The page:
how the consumption of several dyes and preservatives affects the human body
over a lifetime.
Some food for thought…I’ve
recently met more and more parents whose dye-sensitive kids started out as
severely dairy-allergic babies. Some parents note that the once
life-threatening anaphylactic symptoms of babyhood have seemingly morphed into
behavioral problems after they thought their child had outgrown a dairy
There is a theory that the added vitamins in cow’s milk are kept
from spoiling by the use of petroleum-based preservatives – which do not have to be listed on the ingredient
label. My own dye-sensitive kid had abrupt and scary allergic reactions
to milk as a baby. This theory fascinates me, and I’d love to learn more.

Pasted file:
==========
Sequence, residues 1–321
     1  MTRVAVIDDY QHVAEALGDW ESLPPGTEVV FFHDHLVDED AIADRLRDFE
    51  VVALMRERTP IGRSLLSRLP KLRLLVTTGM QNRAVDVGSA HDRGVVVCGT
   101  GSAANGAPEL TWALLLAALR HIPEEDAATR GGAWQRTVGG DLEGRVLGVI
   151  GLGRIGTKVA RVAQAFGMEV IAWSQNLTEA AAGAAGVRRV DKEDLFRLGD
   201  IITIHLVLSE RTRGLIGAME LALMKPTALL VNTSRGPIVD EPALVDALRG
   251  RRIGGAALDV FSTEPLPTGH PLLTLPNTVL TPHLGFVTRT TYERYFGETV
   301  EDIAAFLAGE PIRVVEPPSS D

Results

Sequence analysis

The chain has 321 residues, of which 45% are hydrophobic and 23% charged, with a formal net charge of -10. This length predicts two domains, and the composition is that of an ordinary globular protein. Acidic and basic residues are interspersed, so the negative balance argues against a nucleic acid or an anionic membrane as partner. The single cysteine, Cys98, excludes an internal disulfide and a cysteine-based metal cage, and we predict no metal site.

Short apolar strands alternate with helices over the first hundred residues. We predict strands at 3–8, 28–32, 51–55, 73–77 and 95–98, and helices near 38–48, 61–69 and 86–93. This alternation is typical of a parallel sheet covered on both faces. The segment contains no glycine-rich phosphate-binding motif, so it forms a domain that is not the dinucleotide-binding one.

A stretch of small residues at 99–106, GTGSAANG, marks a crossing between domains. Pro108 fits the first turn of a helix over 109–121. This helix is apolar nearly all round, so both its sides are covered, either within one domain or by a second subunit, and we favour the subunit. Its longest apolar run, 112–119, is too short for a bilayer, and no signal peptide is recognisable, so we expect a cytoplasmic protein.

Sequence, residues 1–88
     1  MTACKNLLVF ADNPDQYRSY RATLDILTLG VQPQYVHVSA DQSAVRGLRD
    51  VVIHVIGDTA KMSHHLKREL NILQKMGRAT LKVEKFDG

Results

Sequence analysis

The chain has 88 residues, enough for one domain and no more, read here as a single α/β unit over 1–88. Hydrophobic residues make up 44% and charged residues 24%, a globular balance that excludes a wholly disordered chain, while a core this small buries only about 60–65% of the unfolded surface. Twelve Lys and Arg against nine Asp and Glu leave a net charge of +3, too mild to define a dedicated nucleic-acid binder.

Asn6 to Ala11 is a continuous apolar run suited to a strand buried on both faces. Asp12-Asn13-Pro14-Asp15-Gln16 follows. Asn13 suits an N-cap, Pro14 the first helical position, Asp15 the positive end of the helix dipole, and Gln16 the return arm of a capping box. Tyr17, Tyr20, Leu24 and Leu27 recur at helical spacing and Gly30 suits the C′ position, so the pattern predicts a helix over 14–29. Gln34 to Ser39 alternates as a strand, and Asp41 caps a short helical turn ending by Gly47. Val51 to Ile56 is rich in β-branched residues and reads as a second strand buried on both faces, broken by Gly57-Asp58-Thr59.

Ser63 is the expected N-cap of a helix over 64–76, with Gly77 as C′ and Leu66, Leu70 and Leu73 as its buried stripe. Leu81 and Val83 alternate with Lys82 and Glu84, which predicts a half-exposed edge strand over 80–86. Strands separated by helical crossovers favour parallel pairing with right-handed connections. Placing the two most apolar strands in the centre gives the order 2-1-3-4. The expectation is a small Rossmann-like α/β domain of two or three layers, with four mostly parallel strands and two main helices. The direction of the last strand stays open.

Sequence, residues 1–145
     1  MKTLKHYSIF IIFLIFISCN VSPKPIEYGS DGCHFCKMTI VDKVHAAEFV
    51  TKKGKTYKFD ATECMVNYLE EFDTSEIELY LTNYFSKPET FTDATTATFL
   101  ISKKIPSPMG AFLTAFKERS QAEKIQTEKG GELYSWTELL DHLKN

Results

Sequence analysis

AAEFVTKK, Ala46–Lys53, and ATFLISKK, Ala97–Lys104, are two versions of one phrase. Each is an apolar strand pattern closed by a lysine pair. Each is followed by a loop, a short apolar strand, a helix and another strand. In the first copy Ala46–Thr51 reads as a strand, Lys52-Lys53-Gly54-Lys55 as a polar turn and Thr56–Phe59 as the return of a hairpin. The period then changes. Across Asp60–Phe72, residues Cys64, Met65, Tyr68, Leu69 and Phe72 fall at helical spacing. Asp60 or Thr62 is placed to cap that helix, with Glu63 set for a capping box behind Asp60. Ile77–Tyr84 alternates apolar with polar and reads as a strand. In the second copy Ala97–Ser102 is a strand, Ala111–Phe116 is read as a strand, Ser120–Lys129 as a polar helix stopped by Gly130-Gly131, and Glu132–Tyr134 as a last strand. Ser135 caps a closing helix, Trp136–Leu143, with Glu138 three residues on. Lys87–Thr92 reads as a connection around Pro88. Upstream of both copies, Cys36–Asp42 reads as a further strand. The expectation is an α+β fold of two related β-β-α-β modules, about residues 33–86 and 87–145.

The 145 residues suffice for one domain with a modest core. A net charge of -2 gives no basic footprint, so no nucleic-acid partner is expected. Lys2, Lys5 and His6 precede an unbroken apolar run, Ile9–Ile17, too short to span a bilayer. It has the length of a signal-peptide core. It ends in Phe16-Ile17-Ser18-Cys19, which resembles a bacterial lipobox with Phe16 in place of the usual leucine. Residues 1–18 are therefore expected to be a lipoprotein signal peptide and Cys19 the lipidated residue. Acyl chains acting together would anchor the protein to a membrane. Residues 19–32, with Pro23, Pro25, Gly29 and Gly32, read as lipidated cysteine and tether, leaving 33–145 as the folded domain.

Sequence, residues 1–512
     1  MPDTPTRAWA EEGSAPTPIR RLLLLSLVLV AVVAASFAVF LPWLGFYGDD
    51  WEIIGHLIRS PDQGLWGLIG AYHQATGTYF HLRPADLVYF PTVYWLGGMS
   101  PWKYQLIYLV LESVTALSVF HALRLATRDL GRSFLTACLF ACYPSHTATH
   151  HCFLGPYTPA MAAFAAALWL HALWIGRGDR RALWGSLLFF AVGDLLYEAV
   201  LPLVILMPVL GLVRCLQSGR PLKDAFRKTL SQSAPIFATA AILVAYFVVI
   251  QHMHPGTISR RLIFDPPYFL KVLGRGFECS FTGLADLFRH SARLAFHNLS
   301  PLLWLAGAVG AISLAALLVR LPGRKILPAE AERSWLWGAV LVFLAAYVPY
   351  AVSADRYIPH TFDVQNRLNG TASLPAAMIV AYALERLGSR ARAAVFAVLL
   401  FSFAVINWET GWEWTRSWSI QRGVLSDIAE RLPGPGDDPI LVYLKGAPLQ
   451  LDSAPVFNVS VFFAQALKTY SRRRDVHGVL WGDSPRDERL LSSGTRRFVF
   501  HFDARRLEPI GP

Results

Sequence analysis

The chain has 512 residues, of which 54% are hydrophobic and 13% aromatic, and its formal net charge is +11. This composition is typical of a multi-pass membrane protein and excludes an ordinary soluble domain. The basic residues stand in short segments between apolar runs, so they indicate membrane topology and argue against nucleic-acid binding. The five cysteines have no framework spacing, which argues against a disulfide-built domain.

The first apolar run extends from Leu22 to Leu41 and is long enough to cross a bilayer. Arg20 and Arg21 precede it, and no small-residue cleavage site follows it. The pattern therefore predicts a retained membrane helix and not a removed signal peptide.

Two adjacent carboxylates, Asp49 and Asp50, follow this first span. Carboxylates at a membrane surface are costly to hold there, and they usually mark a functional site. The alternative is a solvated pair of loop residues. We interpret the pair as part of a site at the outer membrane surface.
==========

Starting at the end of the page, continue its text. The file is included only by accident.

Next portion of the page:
Also, I recently read that
most people – kids and adults alike – have at least one sensory processing disorder,
whether we realize it or not. I can totally see that, and it helps me to
be more understanding of myself and others. It’s my own opinion that
petroleum dyes exacerbate those issues, such as with picky eaters, and those
who are sensitive to loud noises and bright lights.
If you suspect or
know that your child has a sensory processing disorder, it’s worth it to at
least try avoiding synthetic food coloring. I’ve even found theories
connecting yellow dyes to carpal tunnel syndrome and arthritic symptoms.
Whether or not you have any
of the symptoms, petroleum dyes are just not good for anybody. We as
adults weren’t meant to digest them, and developing kids are especially
ill-equipped to deal with them. Unfortunately, most dyed foods are marketed
1. Try a food coloring
elimination for just a week or two. You can usually see a big difference